Since I made the above statement, at the time of the last day of the sessions, the number of participants increased to 2,400 participants. I still agree that by making this year’s conference online it is a little more accessible for more people to participate, and the number of participants this year proved having a virtual conference is beneficial. Therefore, I believe hybrid conferences should be planned to make conferences as accessible as possible.

During the conference, I thought about my answers to the question “What Kind of Ancestor Will We Be?” and I know what kind of ancestor I want to be. I will be the ancestor who continues to learn about the world around me, to listen to other people’s experiences and dedicate my actions to working on a better world until we can truly say all lives matter, to remember to acknowledge my privilege, and to be able to share the lessons I have learned to the next generation. It is also important for all of us to acknowledge that the United States itself is a country of immigrants, including my family; my maternal great-grandfather immigrated to the United States from Italy and my paternal great-grandfather immigrated to this country from England in the early 20th century. I also thought about previous generations like my great-grandfathers pondering similar questions on what legacy they would leave behind.

I have learned a lot in those days, and I included a highlight of the Twitter conversation I participated in while engaging in conversations during the sessions. It would be extensive to include everything in this post, and to see and participate in the dialogue follow the Twitter hashtag #AASLH2020.

Here is the highlight from the rest of the AASLH conference:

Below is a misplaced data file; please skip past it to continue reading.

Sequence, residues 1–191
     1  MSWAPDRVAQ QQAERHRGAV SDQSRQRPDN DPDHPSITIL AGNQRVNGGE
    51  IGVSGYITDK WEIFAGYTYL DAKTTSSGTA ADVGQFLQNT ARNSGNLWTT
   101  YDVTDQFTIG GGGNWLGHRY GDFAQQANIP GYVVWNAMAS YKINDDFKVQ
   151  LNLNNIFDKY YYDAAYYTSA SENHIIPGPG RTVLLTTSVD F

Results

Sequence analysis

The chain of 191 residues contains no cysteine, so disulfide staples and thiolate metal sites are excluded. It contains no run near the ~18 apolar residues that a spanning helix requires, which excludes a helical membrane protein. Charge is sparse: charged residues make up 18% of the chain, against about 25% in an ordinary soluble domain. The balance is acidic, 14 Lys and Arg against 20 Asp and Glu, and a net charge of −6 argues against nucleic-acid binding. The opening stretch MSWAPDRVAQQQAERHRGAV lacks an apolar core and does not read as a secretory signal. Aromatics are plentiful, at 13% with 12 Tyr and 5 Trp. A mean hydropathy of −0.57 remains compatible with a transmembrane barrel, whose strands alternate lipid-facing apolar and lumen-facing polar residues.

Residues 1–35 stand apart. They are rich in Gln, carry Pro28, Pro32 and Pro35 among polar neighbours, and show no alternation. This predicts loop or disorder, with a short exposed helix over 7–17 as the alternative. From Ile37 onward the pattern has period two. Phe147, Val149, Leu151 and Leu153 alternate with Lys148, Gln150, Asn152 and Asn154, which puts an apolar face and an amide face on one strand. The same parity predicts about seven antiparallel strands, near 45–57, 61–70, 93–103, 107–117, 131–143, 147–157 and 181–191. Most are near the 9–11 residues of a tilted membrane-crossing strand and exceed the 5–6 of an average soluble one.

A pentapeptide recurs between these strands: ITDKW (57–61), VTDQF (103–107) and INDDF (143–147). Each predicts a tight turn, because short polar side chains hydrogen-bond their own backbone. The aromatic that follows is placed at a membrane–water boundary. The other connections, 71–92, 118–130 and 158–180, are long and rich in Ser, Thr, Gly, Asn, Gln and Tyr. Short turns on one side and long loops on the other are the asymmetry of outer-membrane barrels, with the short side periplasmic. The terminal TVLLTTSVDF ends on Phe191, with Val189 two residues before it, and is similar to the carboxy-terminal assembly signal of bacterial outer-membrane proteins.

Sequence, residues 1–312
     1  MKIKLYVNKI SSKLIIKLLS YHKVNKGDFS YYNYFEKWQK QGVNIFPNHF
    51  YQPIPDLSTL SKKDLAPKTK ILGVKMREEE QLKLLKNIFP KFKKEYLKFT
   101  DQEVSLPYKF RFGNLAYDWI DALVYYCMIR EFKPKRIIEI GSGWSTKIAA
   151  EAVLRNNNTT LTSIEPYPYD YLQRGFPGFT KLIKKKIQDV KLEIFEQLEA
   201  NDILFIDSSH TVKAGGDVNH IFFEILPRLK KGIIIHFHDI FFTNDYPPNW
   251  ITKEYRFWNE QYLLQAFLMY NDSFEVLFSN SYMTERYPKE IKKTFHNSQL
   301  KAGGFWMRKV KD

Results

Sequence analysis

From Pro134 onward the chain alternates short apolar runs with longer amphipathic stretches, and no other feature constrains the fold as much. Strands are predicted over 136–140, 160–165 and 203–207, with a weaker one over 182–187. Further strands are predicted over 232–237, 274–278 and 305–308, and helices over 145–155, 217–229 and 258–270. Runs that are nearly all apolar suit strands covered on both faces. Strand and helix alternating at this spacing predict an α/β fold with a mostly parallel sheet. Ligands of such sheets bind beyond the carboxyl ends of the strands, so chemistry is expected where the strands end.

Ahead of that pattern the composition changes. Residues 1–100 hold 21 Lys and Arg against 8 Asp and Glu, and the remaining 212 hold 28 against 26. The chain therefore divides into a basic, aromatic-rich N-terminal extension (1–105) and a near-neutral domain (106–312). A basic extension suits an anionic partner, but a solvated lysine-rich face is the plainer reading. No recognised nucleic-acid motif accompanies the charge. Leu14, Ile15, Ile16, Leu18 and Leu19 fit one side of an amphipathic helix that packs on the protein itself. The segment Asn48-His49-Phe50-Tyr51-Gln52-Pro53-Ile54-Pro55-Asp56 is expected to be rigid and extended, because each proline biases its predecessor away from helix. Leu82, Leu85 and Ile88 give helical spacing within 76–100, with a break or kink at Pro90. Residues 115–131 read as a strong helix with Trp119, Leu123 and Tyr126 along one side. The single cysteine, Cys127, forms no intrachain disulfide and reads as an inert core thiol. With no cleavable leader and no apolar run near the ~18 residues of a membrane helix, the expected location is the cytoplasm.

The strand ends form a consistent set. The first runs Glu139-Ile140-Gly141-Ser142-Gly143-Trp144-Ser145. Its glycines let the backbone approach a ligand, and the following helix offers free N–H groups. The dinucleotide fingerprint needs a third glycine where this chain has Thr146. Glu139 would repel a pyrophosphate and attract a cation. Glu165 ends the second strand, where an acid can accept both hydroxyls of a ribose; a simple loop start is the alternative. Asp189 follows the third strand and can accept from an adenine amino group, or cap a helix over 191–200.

Virtual Exhibit Hall

Link:

#AASLH2020: Day 1: https://wp.me/p8J8yQ-18K

#MuseumEdChat: NCoC and Museum Leaders

October 15, 2020

In preparation for the workshop next week, NCoC and Museum Leaders: Scenario Planning for the 2020 Election and its Aftermath, the MuseumEdChat Twitter conversation focused tonight’s discussion on what role museums could play as 2020 comes to a close post-election. The National Conference on Citizenship (NCoC) dedicate their work to strengthen civic life in America by connecting people together through a nationwide network of partners involved in a cutting-edge civic health initiative, their cross-sector conferences and engagement with a broad spectrum of individuals and organizations interested in utilizing civic engagement principles and practices to enhance their work. With this partnership, museum leaders and thinkers are virtually gathering together to support museum staff and imagine the roles museums, as trusted civic institutions, can play in whatever 2020 has left in store.

The Twitter discussion explored four areas of museum work with the theme of community in each question. For those who are not familiar with #MuseumEdChat, discussion hosts and participants used the Q1/A1 format and the #MuseumEdChat hashtag in replies in order to be seen by all participating in the discussion.

Because Twitter at the time of this post was not letting me, and as I suspect other participants, post our responses to the questions I am posting my answers to this blog post. Here are the following questions and answers for tonight’s discussion:

Q1. Operations: What should concern museums regarding their operations and serving their community after the election? Is your museum discussing this at all? #MuseumEdChat

I think it is important to figure out the decisions that would be best for each individual museum on how they will operate and serving the community since each museum is different and the communities they serve have their own needs to attend to. Museums should be discussing with one another what could be the best approaches for within the museum and community, and the individual museum will use what was discussed to figure out what approach works best for their own institution.